Drones on the front lines in public safety operations
Drone networks that allow seamless communication among devices, first responders and dispatch centers enhance public safety operations.
Drones add the situational awareness that boosts the effectiveness of public safety response.
Agencies should consider a drone system that supports the flow of data and communications so that responders can integrate what’s happening on the ground with off-site decision-makers, said David Merrick, a coordinator of unmanned aircraft systems for Florida’s State Emergency Response Team.
“A camera in the sky is one of the simplest things that drones can do, but it’s also one of the most effective because [it] lets someone who’s 10 miles away see what’s happening and … start making decisions about what is needed,” Merrick said.
While cell phones and radios are common ways to maintain communications, public safety teams are venturing into mesh networks that can provide connectivity in isolated areas, he said. These self-contained networks consist of a group of connectivity devices, which Merrick likened to Wi-Fi routers. The network may be “slower than you’d like,” he said, but it still allows responders to preserve communications and share video or imagery.
Solid connectivity is the foundation for an effective public safety mission, he said. For example, drones that connect to wireless networks such as LTE or Starlink satellites can give responders livestream footage of events so they can allocate personnel and resources accordingly.
A cloud-enabled infrastructure is another key asset to support the storage and transfer of large data files collected during drone missions or mapping efforts, Merrick said.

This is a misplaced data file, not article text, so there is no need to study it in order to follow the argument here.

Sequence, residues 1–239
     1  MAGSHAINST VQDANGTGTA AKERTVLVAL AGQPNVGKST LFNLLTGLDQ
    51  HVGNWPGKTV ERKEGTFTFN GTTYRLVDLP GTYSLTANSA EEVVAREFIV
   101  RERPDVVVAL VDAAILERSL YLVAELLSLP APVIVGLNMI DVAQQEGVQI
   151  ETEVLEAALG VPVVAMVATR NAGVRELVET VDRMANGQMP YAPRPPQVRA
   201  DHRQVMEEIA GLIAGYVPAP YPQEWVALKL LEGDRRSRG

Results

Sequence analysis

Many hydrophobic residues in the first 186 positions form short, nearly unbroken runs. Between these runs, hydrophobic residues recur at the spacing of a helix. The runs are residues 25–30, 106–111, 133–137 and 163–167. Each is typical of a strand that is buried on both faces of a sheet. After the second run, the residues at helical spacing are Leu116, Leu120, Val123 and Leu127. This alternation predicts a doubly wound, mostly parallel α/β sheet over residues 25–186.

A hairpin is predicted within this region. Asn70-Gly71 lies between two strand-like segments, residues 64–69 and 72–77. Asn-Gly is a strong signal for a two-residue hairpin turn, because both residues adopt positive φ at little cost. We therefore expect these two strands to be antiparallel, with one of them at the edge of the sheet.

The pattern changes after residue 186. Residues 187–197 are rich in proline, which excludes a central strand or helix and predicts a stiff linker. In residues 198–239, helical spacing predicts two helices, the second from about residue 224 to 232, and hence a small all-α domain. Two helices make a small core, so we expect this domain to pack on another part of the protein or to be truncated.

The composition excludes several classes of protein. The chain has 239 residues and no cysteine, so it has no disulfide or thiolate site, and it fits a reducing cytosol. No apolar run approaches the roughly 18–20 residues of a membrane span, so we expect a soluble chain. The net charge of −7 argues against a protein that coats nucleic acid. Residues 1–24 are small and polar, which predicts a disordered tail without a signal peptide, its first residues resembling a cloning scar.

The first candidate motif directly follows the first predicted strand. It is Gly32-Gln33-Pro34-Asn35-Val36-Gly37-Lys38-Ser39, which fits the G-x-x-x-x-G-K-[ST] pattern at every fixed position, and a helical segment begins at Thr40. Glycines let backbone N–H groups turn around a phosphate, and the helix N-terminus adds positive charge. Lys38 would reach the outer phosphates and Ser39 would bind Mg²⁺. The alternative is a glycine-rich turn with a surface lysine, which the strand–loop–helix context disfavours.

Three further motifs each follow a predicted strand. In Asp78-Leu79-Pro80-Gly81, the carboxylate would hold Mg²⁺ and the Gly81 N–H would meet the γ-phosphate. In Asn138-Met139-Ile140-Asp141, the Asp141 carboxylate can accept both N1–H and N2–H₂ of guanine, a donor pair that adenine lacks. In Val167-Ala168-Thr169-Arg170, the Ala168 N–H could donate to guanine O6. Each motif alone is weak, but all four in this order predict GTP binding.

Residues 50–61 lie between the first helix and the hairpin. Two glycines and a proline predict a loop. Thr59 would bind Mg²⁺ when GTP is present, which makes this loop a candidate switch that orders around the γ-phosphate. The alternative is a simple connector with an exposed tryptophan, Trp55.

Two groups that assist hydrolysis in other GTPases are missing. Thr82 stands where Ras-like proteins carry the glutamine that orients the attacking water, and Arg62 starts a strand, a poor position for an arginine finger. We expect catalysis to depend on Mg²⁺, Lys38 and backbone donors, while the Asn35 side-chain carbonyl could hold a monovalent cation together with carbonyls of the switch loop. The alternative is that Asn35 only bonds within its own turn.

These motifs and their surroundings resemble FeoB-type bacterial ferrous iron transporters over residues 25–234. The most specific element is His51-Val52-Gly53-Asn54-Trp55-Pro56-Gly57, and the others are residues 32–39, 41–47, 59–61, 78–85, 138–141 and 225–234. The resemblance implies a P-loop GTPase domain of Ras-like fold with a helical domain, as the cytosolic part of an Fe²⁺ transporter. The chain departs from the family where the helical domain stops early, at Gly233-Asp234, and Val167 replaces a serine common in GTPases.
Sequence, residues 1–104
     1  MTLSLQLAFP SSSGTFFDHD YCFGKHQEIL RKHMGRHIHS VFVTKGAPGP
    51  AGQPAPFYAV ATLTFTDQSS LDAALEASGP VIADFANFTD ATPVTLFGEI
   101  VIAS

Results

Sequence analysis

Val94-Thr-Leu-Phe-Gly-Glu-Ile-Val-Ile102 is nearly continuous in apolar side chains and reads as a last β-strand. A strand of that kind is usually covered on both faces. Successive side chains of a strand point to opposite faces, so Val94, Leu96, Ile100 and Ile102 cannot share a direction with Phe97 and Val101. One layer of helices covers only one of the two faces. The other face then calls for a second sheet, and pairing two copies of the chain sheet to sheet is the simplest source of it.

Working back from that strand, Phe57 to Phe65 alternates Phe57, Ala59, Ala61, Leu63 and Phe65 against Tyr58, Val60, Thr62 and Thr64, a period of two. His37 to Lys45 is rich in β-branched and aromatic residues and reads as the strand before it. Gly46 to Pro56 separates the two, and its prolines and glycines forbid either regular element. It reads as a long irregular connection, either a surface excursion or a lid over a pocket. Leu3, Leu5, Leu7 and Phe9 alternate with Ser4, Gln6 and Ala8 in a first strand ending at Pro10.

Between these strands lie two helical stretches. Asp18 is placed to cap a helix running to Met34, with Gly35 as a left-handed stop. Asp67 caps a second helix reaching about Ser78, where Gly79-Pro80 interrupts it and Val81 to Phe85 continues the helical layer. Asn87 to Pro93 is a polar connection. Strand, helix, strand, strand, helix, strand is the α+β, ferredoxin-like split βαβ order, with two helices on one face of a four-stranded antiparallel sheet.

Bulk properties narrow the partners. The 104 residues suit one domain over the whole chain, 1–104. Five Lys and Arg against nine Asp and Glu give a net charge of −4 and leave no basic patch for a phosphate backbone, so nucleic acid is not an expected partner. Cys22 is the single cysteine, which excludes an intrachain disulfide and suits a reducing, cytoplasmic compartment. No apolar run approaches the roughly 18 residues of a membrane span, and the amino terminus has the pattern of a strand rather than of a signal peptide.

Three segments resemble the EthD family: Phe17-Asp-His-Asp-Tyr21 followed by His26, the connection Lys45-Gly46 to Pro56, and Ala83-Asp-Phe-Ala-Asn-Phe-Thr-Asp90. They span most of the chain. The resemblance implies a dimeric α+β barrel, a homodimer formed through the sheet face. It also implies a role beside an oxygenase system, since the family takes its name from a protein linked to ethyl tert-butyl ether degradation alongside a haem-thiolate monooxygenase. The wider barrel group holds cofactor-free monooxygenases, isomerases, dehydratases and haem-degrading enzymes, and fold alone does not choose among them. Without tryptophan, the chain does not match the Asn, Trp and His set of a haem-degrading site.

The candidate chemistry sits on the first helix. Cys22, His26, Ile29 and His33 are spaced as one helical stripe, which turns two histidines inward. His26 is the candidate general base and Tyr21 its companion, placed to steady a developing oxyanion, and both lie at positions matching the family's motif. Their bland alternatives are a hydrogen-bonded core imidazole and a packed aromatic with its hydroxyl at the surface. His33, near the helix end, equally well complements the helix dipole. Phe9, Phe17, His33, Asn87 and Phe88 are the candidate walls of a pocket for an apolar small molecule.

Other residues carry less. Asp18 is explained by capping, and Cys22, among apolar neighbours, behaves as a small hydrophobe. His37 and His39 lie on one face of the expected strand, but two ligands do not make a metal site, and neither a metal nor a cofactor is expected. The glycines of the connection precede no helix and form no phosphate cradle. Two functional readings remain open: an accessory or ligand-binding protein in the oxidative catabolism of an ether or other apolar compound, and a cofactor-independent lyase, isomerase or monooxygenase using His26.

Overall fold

A network-connected drone offers better operational effectiveness, said Charles Werner, director of Drone Responders Public Safety Alliance, a nonprofit that supports the use of unmanned aircraft systems in public safety missions.
In early 2020, for example, California’s Chula Vista Police Department relied on drone footage to de-escalate a potentially deadly situation. When officers were alerted of a man brandishing a weapon outside a taco shop, the department’s first move was to send a camera-fitted drone to investigate the scene, the San Diego Union-Tribune reported.
The drone enabled an officer at the headquarters to view live footage of the scene and communicate to responding personnel what was happening in real time. At first glance, it appeared the individual was holding a firearm, but the drone soon revealed it was really a gun-shaped cigarette lighter.
“That dramatically changes the police officers’ approach. This person may have been accidentally killed because he may have pointed the gun at the police—and it wasn’t really a real weapon,” Werner said. Once the responding officers learned there was no gun involved, they were able to arrest the individual without incident.
Drones can also provide real-time situational awareness and remove responders from potentially dangerous scenarios.
For instance, to assess a structure for fire damage, firefighters often walk around the facility in what’s called a 360-degree evaluation, Werner said, “but we still can’t see what’s on the roof or above looking down.”
If responders can deploy a drone with imaging capabilities above the building, “a thermal image camera [could] show us a heat signature through the roof that indicates that there’s a fire in that area and that the structural integrity … may be in question,” he said. In that case, responders would know to avoid accessing the roof.
Another use case might be a SWAT team searching a junkyard for a suspect. There, drones could take away some of the guesswork.
“The drone now gives you that look down so you can see … where somebody might be hiding,” Werner said, which could be lifesaving. If somebody were tucked away in a dump truck, “you wouldn’t want to stick your head over and look in because that might be the last thing you do.”
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